Lant Pritchett

The enthusiasm for the potential of RCTs in development rests in part on the assumption that the use of the rigorous evidence that emerges from an RCT (or from a small set of studies identified as rigorous in a “systematic” review) leads to the adoption of more effective policies, programs or projects. However, the supposed benefits of using rigorous evidence for “evidence based” policy making depend critically on the extent to which there is external validity. If estimates of causal impact or treatment effects that have internal validity (are unbiased) in one context (where the relevant “context” could be country, region, implementing organization, complementary policies, initial conditions, etc.) cannot be applied to another context then applying evidence that is rigorous in one context may actually reduce predictive accuracy in other contexts relative to simple evidence from that context—even if that evidence is biased (Pritchett and Sandefur 2015). Using empirical estimates from a large number of developing countries of the difference in student learning in public and private schools (just as one potential policy application) I show that commonly made assumptions about external validity are, in the face of the actual observed heterogeneity across contexts, both logically incoherent and empirically unhelpful. Logically incoherent, in that it is impossible to reconcile general claims about external validity of rigorous estimates of causal impact and the heterogeneity of the raw facts about differentials. Empirically unhelpful in that using a single (or small set) of rigorous estimates to apply to all other actually leads to a larger root mean square error of prediction of the “true” causal impact across contexts than just using the estimates from non-experimental data from each country. In the data about private and public schools, under plausible assumptions, an exclusive reliance on the rigorous evidence has RMSE three times worse than using the biased OLS result from each context. In making policy decisions one needs to rely on an understanding of the relevant phenomena that encompasses all of the available evidence.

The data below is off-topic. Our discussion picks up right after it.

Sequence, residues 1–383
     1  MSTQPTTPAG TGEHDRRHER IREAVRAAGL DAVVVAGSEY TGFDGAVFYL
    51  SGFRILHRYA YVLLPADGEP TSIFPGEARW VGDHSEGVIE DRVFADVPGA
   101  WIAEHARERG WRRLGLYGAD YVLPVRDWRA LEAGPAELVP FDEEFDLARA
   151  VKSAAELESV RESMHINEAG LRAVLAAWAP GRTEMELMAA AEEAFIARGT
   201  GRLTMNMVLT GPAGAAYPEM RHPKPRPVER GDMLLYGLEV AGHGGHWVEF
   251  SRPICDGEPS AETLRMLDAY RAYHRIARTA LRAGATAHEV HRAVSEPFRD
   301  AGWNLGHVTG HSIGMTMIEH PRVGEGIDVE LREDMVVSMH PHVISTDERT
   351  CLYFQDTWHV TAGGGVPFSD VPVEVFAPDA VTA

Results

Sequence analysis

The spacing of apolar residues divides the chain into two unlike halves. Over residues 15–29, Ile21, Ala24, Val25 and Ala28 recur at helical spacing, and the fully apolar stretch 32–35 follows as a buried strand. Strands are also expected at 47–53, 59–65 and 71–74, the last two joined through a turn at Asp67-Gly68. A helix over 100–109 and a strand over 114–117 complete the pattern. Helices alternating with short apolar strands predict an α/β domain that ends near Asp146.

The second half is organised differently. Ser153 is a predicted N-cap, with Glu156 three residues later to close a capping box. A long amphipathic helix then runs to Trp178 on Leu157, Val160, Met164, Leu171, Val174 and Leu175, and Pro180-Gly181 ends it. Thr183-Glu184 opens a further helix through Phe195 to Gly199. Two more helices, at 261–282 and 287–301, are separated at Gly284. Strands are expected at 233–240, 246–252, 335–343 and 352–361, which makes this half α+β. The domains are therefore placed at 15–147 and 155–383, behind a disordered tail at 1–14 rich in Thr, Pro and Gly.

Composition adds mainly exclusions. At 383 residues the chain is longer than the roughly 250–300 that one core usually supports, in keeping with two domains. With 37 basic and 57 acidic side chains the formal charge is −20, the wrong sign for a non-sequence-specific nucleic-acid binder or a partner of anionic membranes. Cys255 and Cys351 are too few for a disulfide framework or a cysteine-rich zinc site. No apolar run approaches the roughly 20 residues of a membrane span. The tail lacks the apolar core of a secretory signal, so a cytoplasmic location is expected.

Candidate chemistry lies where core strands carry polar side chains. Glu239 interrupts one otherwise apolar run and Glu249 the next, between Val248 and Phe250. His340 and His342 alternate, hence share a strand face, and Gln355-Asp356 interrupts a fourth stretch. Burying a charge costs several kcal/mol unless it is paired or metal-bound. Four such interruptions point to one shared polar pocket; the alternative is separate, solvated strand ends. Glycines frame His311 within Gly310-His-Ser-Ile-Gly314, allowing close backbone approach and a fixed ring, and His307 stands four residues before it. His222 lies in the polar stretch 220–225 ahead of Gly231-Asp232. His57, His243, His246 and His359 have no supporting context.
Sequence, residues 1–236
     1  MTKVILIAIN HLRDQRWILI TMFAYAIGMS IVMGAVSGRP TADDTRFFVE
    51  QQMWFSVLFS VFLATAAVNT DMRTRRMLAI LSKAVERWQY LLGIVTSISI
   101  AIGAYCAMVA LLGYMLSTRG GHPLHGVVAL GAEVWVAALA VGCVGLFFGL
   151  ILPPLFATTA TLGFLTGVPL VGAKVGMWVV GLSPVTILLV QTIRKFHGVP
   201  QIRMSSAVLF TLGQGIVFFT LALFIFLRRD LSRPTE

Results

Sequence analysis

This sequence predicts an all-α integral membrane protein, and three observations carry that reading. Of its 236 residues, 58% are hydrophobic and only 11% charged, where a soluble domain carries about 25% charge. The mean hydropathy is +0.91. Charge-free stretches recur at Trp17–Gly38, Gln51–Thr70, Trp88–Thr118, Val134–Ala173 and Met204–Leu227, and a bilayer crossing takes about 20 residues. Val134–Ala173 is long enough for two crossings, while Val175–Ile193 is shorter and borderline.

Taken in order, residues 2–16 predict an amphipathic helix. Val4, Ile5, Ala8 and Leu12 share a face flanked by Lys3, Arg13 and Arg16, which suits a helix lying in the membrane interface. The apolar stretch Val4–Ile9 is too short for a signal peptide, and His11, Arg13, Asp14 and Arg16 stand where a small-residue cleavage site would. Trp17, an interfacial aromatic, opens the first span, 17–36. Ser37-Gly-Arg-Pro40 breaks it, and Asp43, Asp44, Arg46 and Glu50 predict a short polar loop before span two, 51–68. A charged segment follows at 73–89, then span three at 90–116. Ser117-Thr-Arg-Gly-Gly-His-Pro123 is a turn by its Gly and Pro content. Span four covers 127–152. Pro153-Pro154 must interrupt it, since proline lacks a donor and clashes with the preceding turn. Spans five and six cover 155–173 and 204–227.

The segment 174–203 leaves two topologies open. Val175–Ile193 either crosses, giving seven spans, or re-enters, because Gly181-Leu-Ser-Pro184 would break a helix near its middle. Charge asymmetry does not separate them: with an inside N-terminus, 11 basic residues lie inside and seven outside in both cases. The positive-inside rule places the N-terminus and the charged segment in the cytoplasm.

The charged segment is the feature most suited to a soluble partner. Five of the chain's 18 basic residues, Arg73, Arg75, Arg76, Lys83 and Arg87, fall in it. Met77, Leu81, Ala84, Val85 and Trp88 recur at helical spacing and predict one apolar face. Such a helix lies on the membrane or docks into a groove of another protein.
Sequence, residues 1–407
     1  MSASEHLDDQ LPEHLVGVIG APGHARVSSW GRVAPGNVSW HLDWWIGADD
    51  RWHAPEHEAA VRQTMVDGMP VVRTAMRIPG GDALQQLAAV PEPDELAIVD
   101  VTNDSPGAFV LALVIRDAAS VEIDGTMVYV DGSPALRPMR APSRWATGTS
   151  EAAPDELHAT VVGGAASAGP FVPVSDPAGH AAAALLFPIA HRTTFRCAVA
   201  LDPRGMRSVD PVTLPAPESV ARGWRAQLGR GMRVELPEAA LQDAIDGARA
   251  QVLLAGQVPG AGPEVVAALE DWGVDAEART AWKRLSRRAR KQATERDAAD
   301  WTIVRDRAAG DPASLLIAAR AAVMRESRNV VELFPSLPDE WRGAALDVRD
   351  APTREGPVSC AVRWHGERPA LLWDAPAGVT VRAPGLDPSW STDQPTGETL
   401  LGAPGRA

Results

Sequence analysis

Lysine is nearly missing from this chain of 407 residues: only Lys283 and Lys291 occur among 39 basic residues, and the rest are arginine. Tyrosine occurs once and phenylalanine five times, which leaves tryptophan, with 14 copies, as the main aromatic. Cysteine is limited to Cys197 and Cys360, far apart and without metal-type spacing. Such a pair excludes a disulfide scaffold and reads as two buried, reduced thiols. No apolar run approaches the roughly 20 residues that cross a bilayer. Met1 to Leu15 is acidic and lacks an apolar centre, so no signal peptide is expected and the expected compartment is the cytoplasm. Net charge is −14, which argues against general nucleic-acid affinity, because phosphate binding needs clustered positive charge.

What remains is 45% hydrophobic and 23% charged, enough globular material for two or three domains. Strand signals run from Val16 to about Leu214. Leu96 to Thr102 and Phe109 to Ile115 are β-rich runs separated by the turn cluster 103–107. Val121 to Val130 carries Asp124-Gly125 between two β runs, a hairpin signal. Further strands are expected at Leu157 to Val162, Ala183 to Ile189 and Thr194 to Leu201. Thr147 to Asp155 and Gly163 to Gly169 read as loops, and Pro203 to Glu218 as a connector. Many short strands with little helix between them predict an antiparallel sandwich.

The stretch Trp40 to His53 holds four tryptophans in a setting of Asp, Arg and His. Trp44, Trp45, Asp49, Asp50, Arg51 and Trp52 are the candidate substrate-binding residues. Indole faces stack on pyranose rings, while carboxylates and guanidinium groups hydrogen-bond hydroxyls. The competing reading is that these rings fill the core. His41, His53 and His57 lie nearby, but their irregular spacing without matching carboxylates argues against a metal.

Core dual ideas of early development economics and practice were that (a) national development was a four-fold transformation of countries towards: (i) a more productive economy, (ii) a more responsive state, (iii) more capable administration, and (iv) a shared identity and equal treatment of citizens and (b) this four-fold transformation of national development would lead to higher levels of human wellbeing. The second idea is strikingly correct: development delivers. National development is empirically necessary for high wellbeing (no country with low levels of national development has high human wellbeing) and also empirically sufficient (no country with high national development has low levels of human wellbeing). Three measures of national development: productive economy, capable administration, and responsive state, explain (essentially) all of the observed variation in an omnibus indicator of wellbeing, the Social Progress Index, which is based on 58 distinct non-economic indicators. How national development delivers on wellbeing varies, in three ways. One, economic growth is much more important for achieving wellbeing at low versus high levels of income. Two, economic growth matters more for “basic needs” than for other dimensions of wellbeing (like social inclusiveness or environmental quality). Three, state capability matters more for wellbeing outcomes that depend on public production than on private goods (and for some wellbeing indicators, like physical safety, for which growth doesn’t matter at all). While these findings may seem too common sense to be worth a paper, national development--and particularly economic growth—is, strangely, under severe challenge as an important and legitimate objective of action within the development industry.